The European Space Agency (ESA) Sentinel-1 Mission consists of two satellites, Sentinel-1A and Sentinel-1B, with SAR instruments operating at a C-Band frequency. They orbit 180° apart, together imaging the entire Earth every six days. SAR is an active sensor that can penetrate cloud cover and vegetation canopy, and also observe at night. It also provides useful information to detect movement of Earth material after an earthquake, volcanic eruption or landslide. SAR data are very complex to process, however, ESA has developed a Sentinel-1 Toolbox to aid with processing and analysis of Sentinel-1 data.

For more information on active sensors, see What is Remote Sensing.

SAR Interferometry

Once you have downloaded the data, a data file before the event and a data file after the event, you will need to coregister the two files and then create an interferogram. The process for doing that follows:

  1. Visualize: Open the files in the Sentinel Toolbox. Important note: DO NOT unzip the downloaded SAR file. When you expand the Bands folder, you will find bands containing the real (i) and imaginary (q) parts of the complex data. In Sentinel-1 IW SLC products, you will find three sub-swaths labeled IW1, IW2, and IW3. To view the data, double-click on the Intensity Sub-Swath Polarization band of one of the two images.
  2. Coregister: For interferometric processing, two or more images must be coregistered into a stack. One image is selected as the master and the other images are the "slaves." The pixels in "slave" images will be moved to align with the master image to sub-pixel accuracy. To do this, select Radar/Coregistration/S-1 TOPS Coregistration. For more information on this type of processing, view Sentinel Online's Terrain Observation with Progressive Scans SAR (TOPSAR) processing technique.
    1. In the Read tab, select the first product. This should be the earlier of the two SLCs.
    2. In the Read(2) tab, select the other product. This will be your "slave" image.
    3. In the TOPSAR-Split tabs, select the appropriate sub-swath and polarization for each of the products.
    4. In the Apply-Orbit-File tabs, select the Sentinel Precise Orbit State Vectors. If precise orbits are not yet available for your product, you may select the restituted orbits, which may not be as accurate but will be better than the predicted orbits available within the product.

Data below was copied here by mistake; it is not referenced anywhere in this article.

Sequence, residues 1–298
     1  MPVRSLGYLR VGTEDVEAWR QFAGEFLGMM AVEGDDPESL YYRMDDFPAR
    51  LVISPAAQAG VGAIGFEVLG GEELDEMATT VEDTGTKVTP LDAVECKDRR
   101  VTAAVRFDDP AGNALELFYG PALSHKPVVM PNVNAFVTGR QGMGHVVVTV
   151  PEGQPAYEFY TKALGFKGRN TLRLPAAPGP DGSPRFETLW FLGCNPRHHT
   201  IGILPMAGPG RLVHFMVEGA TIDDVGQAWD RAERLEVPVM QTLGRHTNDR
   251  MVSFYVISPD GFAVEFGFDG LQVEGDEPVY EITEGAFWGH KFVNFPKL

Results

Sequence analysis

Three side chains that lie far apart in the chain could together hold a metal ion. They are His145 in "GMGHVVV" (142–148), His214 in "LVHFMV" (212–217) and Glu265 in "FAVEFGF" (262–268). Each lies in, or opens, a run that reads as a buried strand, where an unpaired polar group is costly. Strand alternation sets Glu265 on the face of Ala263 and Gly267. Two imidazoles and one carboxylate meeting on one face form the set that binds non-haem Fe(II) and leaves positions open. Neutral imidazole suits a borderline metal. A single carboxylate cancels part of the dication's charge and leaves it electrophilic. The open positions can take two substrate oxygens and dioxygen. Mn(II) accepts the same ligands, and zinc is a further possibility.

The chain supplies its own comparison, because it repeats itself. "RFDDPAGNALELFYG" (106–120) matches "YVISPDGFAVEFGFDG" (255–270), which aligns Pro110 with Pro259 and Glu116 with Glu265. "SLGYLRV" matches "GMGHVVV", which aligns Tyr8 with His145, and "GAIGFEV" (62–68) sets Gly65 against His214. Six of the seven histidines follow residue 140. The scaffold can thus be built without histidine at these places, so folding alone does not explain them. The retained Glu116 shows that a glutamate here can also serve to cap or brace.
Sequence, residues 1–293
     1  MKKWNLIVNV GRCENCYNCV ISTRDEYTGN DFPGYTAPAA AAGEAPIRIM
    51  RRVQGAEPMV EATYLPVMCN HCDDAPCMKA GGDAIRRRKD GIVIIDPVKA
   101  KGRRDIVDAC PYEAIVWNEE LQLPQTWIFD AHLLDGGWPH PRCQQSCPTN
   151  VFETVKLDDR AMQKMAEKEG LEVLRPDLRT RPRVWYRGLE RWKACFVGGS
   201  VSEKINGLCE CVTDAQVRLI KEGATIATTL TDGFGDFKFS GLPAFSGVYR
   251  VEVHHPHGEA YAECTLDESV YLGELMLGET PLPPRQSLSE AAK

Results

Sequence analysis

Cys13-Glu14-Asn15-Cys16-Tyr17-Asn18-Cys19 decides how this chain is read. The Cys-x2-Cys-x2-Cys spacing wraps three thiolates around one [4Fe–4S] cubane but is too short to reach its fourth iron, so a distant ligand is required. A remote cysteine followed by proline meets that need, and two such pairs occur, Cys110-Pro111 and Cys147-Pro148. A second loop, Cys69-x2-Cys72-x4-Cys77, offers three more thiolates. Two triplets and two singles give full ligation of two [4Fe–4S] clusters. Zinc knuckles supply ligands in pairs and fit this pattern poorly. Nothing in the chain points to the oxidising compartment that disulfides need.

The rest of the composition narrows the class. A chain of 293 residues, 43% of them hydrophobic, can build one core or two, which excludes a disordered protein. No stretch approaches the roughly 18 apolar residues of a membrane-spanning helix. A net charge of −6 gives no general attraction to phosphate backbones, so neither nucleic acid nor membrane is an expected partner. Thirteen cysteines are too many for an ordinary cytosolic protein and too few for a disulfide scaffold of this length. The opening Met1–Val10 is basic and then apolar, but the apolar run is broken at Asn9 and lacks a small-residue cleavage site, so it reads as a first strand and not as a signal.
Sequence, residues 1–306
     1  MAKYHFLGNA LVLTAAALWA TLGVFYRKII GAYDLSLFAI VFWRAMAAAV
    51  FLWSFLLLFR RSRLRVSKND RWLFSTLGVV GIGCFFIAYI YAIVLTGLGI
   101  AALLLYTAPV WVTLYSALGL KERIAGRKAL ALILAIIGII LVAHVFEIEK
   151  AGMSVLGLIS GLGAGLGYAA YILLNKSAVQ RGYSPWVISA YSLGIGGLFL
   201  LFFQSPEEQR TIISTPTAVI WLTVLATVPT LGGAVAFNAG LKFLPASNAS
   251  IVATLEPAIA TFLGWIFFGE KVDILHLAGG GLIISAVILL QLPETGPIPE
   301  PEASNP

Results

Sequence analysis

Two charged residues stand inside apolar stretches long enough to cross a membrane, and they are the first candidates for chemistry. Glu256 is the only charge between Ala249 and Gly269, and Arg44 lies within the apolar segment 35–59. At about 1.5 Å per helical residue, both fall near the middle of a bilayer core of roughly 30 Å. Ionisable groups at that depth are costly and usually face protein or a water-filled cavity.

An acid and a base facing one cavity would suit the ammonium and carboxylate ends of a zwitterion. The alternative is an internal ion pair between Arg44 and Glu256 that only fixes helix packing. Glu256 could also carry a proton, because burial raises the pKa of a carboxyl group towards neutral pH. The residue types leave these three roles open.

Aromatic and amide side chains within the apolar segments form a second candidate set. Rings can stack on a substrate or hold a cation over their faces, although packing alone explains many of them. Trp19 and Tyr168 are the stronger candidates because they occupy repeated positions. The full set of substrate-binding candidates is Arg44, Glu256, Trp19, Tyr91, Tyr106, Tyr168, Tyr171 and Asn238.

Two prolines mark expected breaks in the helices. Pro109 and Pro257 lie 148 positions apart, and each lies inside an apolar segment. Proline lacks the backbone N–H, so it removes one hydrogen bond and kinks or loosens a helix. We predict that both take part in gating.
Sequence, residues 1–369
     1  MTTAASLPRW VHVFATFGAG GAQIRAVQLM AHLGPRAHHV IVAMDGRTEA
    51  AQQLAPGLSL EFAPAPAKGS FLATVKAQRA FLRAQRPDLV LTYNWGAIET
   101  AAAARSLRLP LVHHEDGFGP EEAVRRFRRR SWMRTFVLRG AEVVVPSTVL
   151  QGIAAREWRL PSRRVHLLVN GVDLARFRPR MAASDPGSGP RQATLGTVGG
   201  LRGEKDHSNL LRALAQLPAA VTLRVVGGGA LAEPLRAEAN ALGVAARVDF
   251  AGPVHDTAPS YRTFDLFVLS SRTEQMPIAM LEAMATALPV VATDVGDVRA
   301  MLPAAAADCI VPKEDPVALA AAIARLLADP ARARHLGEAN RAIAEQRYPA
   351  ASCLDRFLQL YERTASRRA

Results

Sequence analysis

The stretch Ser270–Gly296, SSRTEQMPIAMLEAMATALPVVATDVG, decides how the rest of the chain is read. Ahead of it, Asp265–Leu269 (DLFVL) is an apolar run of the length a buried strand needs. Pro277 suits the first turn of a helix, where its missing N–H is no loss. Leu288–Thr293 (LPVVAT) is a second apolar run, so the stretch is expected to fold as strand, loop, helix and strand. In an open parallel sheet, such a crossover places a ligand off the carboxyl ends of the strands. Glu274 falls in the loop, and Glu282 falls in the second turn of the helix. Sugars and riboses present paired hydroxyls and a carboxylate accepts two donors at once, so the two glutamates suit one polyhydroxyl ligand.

5. Image
      Sentinel-1 Toolbox coregistration process. Note the arrow to the left and right in the coregistration window; it will cycle through the different tabs.
      In the Back-Geocoding tab, select the DEM to use and the interpolation methods. The default is the SRTM 3 Sec DEM.
    6. In the Write tab, set the Directory path to your working directory.
    7. Click Run to begin coregistering the data. The resulting coregistered stack product will appear in the Product Explorer window with the suffix Orb Stack.
  3. Interferogram: The interferogram is formed by cross-multiplying the master image with the complex conjugate of the "slave." The amplitude of both images is multiplied while their respective phases are differenced to form the interferogram.
    1. Select the new stack file in the product explorer and then select Radar/Interferometric/Products/Interferogram Formation.
    2. Keep the default values for Interferogram Formation, but confirm that the output Directory path is correct.
    3. Click Run.
    Through the interferometric processing flow, the tool tries to eliminate other sources of error so that what is left is typically the surface deformation related to an event. You can visualize the phase information at this step.

    Interferometric fringes represent a full 2π cycle of phase change. Fringes appear on an interferogram as cycles of colors, with each cycle representing relative range difference of half a sensor's wavelength. Relative ground movement between two points can be calculated by counting the fringes and multiplying by half of the wavelength. The closer the fringes are together, the greater the strain on the ground.

  4. Multilooking and Phase Filtering: Lastly the phase associated with topography has to be removed and additional phase filtering to reduce noise and enhance the appearance of the deformation fringes.

Step-by-steps of this can be found within ASF DAAC's InSAR data recipes.